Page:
|Publication number||US6760497 B1|
|Application number||US 09/913,917|
|Publication date||Jul 6, 2004|
|Filing date||Feb 2, 2000|
|Priority date||Feb 23, 1999|
|Also published as||DE10080449D2, DE50002445D1, EP1155348A1, EP1155348B1, WO2000050946A1|
|Publication number||09913917, 913917, PCT/2000/56, PCT/CH/0/000056, PCT/CH/0/00056, PCT/CH/2000/000056, PCT/CH/2000/00056, PCT/CH0/000056, PCT/CH0/00056, PCT/CH0000056, PCT/CH000056, PCT/CH2000/000056, PCT/CH2000/00056, PCT/CH2000000056, PCT/CH200000056, US 6760497 B1, US 6760497B1, US-B1-6760497, US6760497 B1, US6760497B1|
|Inventors||Peter Leo Straub|
|Original Assignee||Ppc Electronic Ag|
|Export Citation||BiBTeX, EndNote, RefMan|
|Patent Citations (8), Referenced by (19), Classifications (14), Legal Events (5)|
|External Links: USPTO, USPTO Assignment, Espacenet|
The present invention relates to the field of circuit board technology. It concerns a circuit board having at least one electrical conduction level for relaying electric signals and/or currents and at least one optical conduction level for relaying optical signals, said conduction levels being interconnected and arranged one above the other in a stack within the printed circuit board.
Such a circuit board is disclosed, for example, in the publication U.S. Pat. No. 5,408,568 A.
This invention also relates to a method of producing such a circuit board.
In the long run, the demand for higher and higher clock rates and faster and faster signal transmission cannot be met with an adequate quality by using copper lines. Through the use of optical transmission pathways (optical fibers) it is possible to transmit signals at extremely high transmission rates within a backplane and also on system boards. A high interference immunity with respect to electromagnetic interference is a very fortunate side effect which is important especially on an electric backplane. Such a backplane is responsible, for example, for the data exchange between the individual processor cards of a multiprocessor high performance computer.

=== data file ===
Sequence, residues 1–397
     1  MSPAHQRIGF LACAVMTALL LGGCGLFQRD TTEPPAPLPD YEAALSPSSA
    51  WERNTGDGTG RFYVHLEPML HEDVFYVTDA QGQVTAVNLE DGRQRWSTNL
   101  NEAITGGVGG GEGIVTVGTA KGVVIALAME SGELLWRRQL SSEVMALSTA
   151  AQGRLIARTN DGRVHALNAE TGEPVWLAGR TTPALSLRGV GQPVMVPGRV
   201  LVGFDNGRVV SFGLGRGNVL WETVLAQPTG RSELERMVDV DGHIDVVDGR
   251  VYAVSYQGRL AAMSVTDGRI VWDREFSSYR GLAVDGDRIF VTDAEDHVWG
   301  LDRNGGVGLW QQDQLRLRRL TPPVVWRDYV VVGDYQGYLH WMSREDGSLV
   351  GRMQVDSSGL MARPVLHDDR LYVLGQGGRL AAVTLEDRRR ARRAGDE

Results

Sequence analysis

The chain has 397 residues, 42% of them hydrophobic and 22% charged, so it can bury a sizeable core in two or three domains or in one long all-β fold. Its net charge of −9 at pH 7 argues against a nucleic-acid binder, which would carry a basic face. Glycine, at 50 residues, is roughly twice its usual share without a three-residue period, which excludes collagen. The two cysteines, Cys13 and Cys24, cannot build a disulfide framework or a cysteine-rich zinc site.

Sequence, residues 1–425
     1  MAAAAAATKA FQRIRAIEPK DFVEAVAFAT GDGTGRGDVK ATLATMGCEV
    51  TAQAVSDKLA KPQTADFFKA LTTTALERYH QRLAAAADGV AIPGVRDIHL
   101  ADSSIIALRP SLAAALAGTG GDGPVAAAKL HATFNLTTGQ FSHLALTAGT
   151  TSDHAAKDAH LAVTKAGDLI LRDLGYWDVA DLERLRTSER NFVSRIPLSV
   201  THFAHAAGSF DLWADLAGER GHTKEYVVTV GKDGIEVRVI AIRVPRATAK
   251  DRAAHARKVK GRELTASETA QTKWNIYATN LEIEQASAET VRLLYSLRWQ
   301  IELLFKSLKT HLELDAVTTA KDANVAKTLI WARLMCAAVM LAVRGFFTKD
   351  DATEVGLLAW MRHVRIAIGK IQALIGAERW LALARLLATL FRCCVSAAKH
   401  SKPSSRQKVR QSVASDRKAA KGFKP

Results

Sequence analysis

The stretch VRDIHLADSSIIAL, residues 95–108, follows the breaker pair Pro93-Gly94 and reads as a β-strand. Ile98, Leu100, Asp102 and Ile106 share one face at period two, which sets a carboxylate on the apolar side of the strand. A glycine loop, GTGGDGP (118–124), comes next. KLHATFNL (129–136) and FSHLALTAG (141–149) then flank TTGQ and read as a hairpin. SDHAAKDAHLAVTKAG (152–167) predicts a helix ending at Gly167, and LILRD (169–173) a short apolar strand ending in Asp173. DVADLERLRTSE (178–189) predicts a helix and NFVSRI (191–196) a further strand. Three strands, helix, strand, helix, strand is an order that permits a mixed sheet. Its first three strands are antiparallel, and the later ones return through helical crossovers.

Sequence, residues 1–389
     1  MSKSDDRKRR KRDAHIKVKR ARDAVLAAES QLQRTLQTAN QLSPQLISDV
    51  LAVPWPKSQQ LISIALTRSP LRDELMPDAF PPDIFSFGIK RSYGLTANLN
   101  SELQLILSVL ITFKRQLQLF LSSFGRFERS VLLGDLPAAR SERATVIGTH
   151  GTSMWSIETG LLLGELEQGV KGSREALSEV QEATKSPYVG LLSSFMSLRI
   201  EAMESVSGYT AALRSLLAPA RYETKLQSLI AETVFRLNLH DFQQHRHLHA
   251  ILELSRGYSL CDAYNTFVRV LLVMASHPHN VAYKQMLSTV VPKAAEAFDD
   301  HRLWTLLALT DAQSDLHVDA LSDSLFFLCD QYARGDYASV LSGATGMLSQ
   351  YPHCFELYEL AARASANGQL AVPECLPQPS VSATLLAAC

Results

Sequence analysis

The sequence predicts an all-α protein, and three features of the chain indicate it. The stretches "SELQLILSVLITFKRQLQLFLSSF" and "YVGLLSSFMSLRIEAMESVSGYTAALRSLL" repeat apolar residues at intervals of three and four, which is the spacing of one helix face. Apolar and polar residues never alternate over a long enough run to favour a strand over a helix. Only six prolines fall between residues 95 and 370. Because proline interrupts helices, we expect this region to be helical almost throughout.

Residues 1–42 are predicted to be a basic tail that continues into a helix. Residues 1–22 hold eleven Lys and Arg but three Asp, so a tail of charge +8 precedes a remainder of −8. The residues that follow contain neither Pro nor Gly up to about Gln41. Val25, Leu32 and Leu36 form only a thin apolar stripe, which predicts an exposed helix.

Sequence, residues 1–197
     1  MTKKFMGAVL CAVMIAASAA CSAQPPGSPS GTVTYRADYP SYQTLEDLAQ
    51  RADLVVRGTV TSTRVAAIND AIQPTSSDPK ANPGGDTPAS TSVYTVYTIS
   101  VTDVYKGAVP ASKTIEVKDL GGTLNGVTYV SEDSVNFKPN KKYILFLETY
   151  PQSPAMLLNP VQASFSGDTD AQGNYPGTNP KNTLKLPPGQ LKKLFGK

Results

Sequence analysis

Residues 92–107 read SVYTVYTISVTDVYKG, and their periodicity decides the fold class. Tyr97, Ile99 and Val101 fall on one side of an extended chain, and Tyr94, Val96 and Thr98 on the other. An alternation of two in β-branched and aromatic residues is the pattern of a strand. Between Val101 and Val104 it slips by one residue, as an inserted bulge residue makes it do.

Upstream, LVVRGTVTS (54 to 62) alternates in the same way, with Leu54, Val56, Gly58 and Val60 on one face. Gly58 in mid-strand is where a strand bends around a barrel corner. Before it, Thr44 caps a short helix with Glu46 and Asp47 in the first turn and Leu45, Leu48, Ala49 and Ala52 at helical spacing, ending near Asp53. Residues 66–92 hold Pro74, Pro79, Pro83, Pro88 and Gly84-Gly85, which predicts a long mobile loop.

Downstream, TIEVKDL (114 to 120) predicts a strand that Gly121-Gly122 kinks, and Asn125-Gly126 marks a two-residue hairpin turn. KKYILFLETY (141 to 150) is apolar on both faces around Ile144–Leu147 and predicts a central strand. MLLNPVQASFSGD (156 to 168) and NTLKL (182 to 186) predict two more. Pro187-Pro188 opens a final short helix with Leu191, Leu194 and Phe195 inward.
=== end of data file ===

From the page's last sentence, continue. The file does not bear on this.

Various proposals have already been made for integrating optical data transmission pathways into multilayer circuitboards. For example, U.S. Pat. No. 5,230,030 A describes an optical interface for coupling to an electronic circuit in the form of multichip modules. The individual ICs are mounted on a multilayer circuit board consisting of layers that conduct electricity, arranged in alternation with insulating layers in the form of a stack. Channels are created in the insulating layers, which consist of an optically transparent material having a low refractive index, and are then filled with another transparent plastic having a higher refractive index. The fillings then form optical conductors which are connected to the ICs on the one hand and on the other hand are led to the edge of the stack, where they can be connected externally by means of an appropriate plug. This method of integrating optical conductors into a circuit board is not only complicated because the circuit board must be built up and structured layer for layer in succession, but also the quality of the optical conductors produced in this way leaves much to be desired because it is very difficult to achieve a uniform and homogeneous conductor structure when filling the channels with the optically active material.
Another proposal which is disclosed in U.S. Pat. No. 5,408,568 A cited above integrates a whole-area optical layer as an intermediate layer into a multilayer circuit board. The optical layer is coupled to the outside by means of an optical fiber with a blunt connection on one end. Chips placed on the top side of the circuit board are connected through holes beneath the chips, extending to the optical layer. The optical layer acts as a uniform optical databus over which all chips can exchange data with each other or with the outside world. No statements are made in that publication regarding the thickness or material of this optical layer. FIG. 1 of that publication illustrates the optical layer with the same thickness as the printed circuitboards between which it is arranged. Therefore, this type of design could not be suitable for circuitboards having multiple optical levels and defined optical connections between selected chips.